Fiction Writing Prompt: Write a story in which troops have to improvise  in order to survive.

Journaling Prompt: Write about the toughest hike or climb you ever did.

Art Prompt: Via Ferrata

Non-Fiction / Speechwriting Prompt: Tell your audience about the Via Ferrata and its role in WWI.

Photo Credit: Jan on Flickr

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19th and 20th century Germans feared no one more than the Scots-the bagpipes and drums were disturbing in their ? loudness, and add to that the visual spectacle, the fearlessness of rank after rank of men wearing skirts. The Romans also feared the Scott’s in part because of their music. –The World in Six Songs by Daniel Levitin

Fiction Writing Prompt: Write a story, poem or haiku about fearsome warriors.

Journaling Prompt: Write about what is fearsome to you.

Art Prompt: Fearsome Scots

Non-Fiction / Speechwriting Prompt: Tell your audience about the tactics that Scottish warriors used to defend their lands.

Photo Credit: Peaceful Personalities and Warriors Bold on Wikimedia

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Shay, author of “Achilles in Vietnam: Combat Trauma and the Undoing of Character” (Simon & Schuster, 1995), sees moral injury in combat as an issue dating back at least to Homer’s Iliad, the epic poem about the siege of Troy that’s dated to around the eighth century B.C. The poem opens with the commander of the Greek army, Agamemnon, taking a captive woman, Briseis, from the warrior Achilles. Achilles, offended by this betrayal of “what’s right” in Greek military culture, refuses to fight. He withdraws from all but his close companion, Patroclus — until Patroclus is killed and Achilles goes mad with grief, killing Patroclus’ killer Hector and desecrating the corpse.

Achilles’ berserker rage echoes the experiences of the Vietnam War veterans. Shay worked with for 20 years at a Boston VA outpatient clinic. Many saw their ideals crumble in combat. One soldier whose story is retold in “Achilles in Vietnam” describes watching for hours as suspected Vietcong unloaded boats in the South China Sea. Finally, he and his comrades got the order to shoot. They unloaded their weapons into the boats. When daylight came, they learned they’d killed a group of fishermen and children.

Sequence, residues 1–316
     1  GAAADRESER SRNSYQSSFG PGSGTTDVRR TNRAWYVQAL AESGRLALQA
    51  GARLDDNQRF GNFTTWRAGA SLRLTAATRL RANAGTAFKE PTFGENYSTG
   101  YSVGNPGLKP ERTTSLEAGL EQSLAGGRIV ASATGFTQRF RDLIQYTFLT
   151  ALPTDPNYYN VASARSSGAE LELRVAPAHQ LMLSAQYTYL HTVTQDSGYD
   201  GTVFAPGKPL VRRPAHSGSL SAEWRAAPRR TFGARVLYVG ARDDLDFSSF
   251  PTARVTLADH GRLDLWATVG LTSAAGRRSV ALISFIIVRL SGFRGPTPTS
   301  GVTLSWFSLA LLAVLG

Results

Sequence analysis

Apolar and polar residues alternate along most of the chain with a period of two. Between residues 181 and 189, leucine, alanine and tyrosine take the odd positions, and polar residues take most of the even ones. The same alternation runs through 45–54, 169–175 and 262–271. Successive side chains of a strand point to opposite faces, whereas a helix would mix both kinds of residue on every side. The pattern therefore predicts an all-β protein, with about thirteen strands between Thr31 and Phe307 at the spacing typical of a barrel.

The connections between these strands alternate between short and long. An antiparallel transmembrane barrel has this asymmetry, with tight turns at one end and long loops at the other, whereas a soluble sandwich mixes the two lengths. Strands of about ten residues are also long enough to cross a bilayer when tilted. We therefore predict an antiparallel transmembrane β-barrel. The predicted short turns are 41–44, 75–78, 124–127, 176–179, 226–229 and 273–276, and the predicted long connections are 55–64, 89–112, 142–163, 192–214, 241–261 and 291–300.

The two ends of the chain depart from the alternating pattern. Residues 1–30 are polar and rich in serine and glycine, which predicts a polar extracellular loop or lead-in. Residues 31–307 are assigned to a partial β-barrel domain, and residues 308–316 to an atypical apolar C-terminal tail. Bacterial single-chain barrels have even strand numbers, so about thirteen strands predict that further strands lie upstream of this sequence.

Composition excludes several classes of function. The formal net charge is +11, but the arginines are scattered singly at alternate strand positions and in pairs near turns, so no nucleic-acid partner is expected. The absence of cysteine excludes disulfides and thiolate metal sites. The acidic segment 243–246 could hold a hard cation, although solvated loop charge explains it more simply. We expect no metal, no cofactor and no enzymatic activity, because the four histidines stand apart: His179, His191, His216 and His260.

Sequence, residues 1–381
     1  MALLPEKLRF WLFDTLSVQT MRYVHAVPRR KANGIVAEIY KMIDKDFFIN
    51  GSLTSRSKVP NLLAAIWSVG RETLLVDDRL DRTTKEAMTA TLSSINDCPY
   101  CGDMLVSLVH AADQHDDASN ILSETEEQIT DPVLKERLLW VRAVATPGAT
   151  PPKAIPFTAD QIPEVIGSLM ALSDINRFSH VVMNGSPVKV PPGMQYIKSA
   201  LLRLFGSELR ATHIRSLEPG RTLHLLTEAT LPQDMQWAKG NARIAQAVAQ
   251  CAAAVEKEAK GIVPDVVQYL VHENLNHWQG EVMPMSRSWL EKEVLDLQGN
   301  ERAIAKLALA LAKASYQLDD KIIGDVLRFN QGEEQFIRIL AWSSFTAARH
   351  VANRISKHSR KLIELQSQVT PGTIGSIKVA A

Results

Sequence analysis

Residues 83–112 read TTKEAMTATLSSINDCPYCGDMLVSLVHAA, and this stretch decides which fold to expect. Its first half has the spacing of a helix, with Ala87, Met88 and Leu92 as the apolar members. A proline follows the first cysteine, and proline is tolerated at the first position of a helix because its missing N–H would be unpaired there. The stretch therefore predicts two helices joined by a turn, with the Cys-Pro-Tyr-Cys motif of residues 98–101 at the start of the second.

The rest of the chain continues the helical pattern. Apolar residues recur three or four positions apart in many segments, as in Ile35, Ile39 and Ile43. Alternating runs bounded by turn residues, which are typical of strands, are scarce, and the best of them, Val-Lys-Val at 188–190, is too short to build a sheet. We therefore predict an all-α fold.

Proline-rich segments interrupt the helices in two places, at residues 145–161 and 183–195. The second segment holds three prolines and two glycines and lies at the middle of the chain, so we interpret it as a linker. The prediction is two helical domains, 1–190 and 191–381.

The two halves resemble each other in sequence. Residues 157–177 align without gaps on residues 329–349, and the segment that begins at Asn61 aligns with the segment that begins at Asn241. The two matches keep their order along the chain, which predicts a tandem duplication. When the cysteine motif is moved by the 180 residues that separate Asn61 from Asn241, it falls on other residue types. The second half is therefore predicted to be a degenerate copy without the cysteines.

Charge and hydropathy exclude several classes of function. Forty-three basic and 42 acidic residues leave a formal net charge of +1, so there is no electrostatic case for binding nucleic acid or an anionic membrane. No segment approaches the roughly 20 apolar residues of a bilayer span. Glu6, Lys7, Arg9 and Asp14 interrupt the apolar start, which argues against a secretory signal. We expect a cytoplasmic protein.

To add to the horror, the military leadership assured the soldiers that everything was fine — and then gave them awards for their valor. Shay’s patient got a Combat Infantryman Badge for his participation, an award that is supposed to mark a soldier’s experience of ground combat. The betrayal of getting kudos for killing civilians shook the soldier to his core. –How Old Is PTSD? by Stephanie Pappas

Fiction Writing Prompt: Write a story where the protagonist suffers a moral injury.

Journaling Prompt: How do you react when you learn that you’ve been tricked into doing something you abhor?

Art Prompt: Moral injury

Non-Fiction / Speechwriting Prompt: Tell your audience about the history of PTSD through the ages.

Photo Credit: Achilles Slays Hector by Peter Paul Rubens on Wikimedia

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The Underground Railroad was a network of secret routes and safe houses used by 19th-century enslaved people of African descent in the United States in efforts to escape to free states and Canada with the aid of abolitionists and allies who were sympathetic to their cause. The term is also applied to the abolitionists, both black and white, free and enslaved, who aided the fugitives. Various other routes led to Mexico or overseas. An earlier escape route running south toward Florida, then a Spanish possession, existed from the late 17th century until shortly after the American Revolution. However, the network now generally known as the Underground Railroad was formed in the early 19th century, and reached its height between 1850 and 1860. One estimate suggests that by 1850, 100,000 slaves had escaped via the “Railroad”. –Wikipedia

Fiction Writing Prompt: Write the story of someone using a secret escape route and the perils he or she encounters.

Journaling Prompt: If you were living in the time of the Underground Railroad, would you help the fleeing slaves? Why or why not?

Art Prompt: Underground Railroad

Non-Fiction / Speechwriting Prompt: Tell your audience about the Underground Railroad.

Photo Credit: Kyle J. Schultz on Flickr